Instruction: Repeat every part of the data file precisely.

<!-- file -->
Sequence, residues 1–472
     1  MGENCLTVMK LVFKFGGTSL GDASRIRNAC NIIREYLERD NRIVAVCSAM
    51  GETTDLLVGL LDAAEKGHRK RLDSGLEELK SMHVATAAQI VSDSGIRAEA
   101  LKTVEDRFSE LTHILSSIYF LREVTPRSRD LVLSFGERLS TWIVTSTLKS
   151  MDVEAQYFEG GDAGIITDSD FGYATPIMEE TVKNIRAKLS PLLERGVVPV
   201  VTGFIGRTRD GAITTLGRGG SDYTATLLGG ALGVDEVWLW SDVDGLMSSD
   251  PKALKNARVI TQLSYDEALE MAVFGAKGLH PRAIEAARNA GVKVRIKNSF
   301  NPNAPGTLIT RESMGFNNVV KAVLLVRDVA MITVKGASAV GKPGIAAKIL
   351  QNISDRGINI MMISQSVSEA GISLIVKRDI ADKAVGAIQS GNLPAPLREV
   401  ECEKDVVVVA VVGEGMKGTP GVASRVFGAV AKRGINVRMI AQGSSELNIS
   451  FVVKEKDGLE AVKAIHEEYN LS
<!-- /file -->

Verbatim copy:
Sequence, residues 1–472
     1  MGENCLTVMK LVFKFGGTSL GDASRIRNAC NIIREYLERD NRIVAVCSAM
    51  GETTDLLVGL LDAAEKGHRK RLDSGLEELK SMHVATAAQI VSDSGIRAEA
   101  LKTVEDRFSE LTHILSSIYF LREVTPRSRD LVLSFGERLS TWIVTSTLKS
   151  MDVEAQYFEG GDAGIITDSD FGYATPIMEE TVKNIRAKLS PLLERGVVPV
   201  VTGFIGRTRD GAITTLGRGG SDYTATLLGG ALGVDEVWLW SDVDGLMSSD
   251  PKALKNARVI TQLSYDEALE MAVFGAKGLH PRAIEAARNA GVKVRIKNSF
   301  NPNAPGTLIT RESMGFNNVV KAVLLVRDVA MITVKGASAV GKPGIAAKIL
   351  QNISDRGINI MMISQSVSEA GISLIVKRDI ADKAVGAIQS GNLPAPLREV
   401  ECEKDVVVVA VVGEGMKGTP GVASRVFGAV AKRGINVRMI AQGSSELNIS
   451  FVVKEKDGLE AVKAIHEEYN LS